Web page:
s organizations around the world increase their technology adoption in the wake of the COVID-19 pandemic, the demand for technology and software professionals in India has risen dramatically.

“More companies realize now the need to be digital and to get the talent diversity and scale in India,” said Kamal Karanth, co-founder of Xpheno, a staffing firm in Bengaluru that specializes in tech-related hiring. Karanth expects more new tech jobs to be created this year than in any year before the pandemic.

In June, hiring demand by the IT software and services sector was 55 percent higher than it was in January 2021, and 51 percent higher than it was in June 2019, according to Naukri JobSpeak, an index of hiring activity across a range of industries in India.

The tech hiring boom is in stark contrast to what’s playing out in the broader Indian economy, which is still reeling from the adverse impact of a recent ferocious wave of COVID-19 that infected millions of people and disrupted work. Even though many tech industry employees fell sick, most have returned to work, and their employers are pushing ahead with growth plans. The higher demand for tech talent has pushed up salaries, as much as 50 percent in some cases, and companies are rushing to make counteroffers to retain staff.

“Of late we’re seeing a lot more pressure in terms of the talent pool being available,” said Chetan Rao, director of human resources at o9 Solutions India, a supply chain management software maker headquartered in Dallas, and which has offices in Bengaluru.

o9 Solutions has more than doubled its headcount in India over the past 12 months to 800 employees, and it continues to hire to meet future demand as the company’s revenue grows significantly, said Siddhartha Nyogi, director of India operations. “We’re hiring a bit ahead because we are going to continue to grow revenues for some time,” Nyogi said.

A big part of the demand for tech products and services is coming from such nontechnology companies as fertilizer and pharmaceutical companies, which want to make their operations more digital.

“The pandemic has fast-tracked digitization by five to 10 years,” said Sreerupa Sengupta, global head of HR for 3i Infotech, an IT and infrastructure service provider in Mumbai. With 4,000 employees around the world, 3i Infotech plans to hire 1,000 new tech employees within the next year.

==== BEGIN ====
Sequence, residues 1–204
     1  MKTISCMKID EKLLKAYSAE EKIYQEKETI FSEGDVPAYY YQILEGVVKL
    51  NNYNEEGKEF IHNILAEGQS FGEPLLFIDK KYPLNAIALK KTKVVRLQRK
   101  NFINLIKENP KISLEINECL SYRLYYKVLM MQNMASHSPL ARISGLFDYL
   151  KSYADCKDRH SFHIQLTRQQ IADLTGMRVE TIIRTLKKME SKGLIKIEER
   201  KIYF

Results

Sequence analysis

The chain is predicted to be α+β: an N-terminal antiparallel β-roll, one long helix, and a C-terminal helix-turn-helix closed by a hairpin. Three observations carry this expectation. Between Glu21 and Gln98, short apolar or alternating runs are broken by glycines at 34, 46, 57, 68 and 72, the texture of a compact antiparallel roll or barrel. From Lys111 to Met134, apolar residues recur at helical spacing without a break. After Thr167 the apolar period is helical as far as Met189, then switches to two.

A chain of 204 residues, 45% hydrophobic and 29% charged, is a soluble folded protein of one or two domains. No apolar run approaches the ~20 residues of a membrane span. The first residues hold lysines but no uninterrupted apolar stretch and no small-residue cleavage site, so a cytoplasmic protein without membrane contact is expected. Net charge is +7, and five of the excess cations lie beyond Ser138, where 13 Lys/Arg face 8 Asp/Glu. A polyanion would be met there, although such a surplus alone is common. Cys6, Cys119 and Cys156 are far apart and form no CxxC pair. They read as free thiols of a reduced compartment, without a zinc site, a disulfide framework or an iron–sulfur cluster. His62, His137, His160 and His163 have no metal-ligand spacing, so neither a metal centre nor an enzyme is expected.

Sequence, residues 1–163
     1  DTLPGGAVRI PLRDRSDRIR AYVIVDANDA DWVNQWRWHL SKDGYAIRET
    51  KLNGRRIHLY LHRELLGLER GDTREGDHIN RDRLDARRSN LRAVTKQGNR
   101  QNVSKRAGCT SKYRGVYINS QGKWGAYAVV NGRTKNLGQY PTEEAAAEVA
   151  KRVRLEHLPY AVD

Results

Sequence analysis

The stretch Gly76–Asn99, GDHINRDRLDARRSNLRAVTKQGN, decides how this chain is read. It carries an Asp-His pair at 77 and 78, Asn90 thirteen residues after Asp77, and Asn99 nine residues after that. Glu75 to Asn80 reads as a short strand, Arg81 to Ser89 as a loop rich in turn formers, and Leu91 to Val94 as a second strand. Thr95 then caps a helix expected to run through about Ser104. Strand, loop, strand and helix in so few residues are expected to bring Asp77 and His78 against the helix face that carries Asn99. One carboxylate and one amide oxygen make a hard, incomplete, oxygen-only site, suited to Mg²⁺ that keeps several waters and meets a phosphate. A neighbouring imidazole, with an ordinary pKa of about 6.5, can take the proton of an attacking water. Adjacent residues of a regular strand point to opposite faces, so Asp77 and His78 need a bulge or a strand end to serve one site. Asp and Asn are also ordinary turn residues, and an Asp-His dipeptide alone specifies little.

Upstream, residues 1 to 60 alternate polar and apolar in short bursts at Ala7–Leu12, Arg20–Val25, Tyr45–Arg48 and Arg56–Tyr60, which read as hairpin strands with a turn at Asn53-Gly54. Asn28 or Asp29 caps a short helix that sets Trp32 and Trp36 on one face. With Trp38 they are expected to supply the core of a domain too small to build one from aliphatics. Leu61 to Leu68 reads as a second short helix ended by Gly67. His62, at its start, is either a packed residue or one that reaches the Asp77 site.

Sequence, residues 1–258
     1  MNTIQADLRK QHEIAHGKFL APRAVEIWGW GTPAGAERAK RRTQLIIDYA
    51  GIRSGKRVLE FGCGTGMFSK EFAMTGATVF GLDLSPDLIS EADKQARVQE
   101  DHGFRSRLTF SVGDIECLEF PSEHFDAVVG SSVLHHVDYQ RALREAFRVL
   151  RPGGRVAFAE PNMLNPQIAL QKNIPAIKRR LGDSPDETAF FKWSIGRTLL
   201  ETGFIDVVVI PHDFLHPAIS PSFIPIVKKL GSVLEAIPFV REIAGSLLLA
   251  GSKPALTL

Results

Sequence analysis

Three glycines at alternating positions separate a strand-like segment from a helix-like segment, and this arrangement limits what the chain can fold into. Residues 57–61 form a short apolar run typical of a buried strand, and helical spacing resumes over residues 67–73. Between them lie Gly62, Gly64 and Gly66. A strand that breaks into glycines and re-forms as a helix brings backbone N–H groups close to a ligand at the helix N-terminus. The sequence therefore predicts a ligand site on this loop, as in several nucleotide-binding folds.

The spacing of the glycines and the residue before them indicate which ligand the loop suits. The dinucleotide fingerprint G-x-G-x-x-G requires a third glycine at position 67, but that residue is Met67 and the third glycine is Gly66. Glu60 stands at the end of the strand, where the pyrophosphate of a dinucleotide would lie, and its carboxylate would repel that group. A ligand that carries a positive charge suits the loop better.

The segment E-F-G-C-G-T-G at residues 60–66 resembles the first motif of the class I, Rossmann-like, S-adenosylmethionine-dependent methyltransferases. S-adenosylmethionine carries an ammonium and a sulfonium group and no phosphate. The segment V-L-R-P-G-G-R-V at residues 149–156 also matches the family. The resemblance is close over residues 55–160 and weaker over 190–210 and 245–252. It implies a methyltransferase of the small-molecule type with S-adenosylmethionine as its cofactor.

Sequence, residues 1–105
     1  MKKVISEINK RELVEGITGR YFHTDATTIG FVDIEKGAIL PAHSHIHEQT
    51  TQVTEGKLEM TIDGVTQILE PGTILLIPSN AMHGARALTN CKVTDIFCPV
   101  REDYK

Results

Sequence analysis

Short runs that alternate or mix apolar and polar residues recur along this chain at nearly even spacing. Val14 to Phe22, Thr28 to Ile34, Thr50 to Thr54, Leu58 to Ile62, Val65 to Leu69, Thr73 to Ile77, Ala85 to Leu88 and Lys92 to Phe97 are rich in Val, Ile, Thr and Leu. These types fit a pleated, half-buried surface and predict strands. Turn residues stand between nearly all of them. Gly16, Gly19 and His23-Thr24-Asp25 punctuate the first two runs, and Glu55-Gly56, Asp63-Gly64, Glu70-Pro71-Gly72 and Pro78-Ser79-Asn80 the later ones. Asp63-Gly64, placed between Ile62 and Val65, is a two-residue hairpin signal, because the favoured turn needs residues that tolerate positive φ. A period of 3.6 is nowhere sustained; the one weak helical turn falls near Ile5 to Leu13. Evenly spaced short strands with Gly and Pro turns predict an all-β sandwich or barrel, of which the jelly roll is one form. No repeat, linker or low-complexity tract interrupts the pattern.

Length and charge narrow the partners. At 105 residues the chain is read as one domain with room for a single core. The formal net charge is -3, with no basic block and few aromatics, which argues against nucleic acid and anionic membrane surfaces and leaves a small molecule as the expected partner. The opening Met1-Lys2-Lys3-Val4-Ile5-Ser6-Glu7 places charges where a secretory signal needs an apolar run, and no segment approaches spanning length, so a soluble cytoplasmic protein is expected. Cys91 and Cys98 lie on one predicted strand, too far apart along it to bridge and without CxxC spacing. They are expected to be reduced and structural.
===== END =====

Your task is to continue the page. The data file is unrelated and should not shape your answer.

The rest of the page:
Volume of Hiring Has Risen

“We’ve always been hiring, but the volume of hiring has gone up in the last few months,” Sengupta said. Some of the hiring is for new roles, such as edge computing and real-time data analytics, Sengupta said. In addition, a slew of U.S. and European companies are rushing to expand existing technology development centers in India and to open new ones, adding to the talent demand. These centers typically create technology products to be used by the firms’ head offices or their clients around the world.

“When these companies come to India, they only buy talent,” said Karanth, adding that they are willing to pay as much as a 30 percent salary premium to attract targeted employees. “That heats up the market.”

India’s large IT services and outsourcing companies, such as Tata Consultancy Services and Infosys, have also started ramping up recruiting to help fulfill large client orders. In fact, India’s five largest companies are likely to hire 96,000 employees this year, according to the National Association of Software and Services Companies (Nasscom), an industry body. The IT and business process management industry in India employs around 4.5 million employees, according to Nasscom, while the supply of software engineers, data scientists and others remains limited.

“The gap between supply and demand is even [larger],” said Vishal Gupta, Mumbai-based CEO of Seclore, a provider of technology solutions for data security. That translates into a candidate’s market where talent holds the upper hand, Gupta said. “For the same role, there is a 30 percent to 50 percent salary increase over the last two years,” he said.

Adding fuel to the mix is the demand from start-up firms that are flush with cash and willing to pay multiple times the industry’s average salary, Karanth said. “They disrupt in a different way.”

Online grocery-shopping firm Grofers announced a 33 percent raise for every employee on its tech team starting this month. “We will only succeed as an organization if we invest heavily in tech,” Albinder Dhindsa, the company’s co-founder in Gurgaon, wrote in a blog post.

[Want to learn more? Join us at the SHRM Annual Conference & Expo 2021, taking place Sept. 9-12 in Las Vegas and virtually.]

Multiple Hiring Strategies

Meanwhile, companies are using multiple strategies to meet their talent demand. o9 Solutions continues to hire new graduates from major Indian engineering and business schools, Rao said. Although it took a while to adapt to virtual hiring from college campuses, “now we’re fairly comfortable in being able to source, attract and hire the right kind of talent,” he said.

At 3i Infotech, Sengupta said they are thinking of hiring nonengineering graduates, since the amount of coding work needed is not as pressing. She is also talking to part-time workers, gig workers and resident entrepreneurs. Sengupta said the company has worked with such talent in the past, but it now plans to do so on a larger scale.

“I would like to augment my supply,” Sengupta said.

Google search engine


Please enter your comment!
Please enter your name here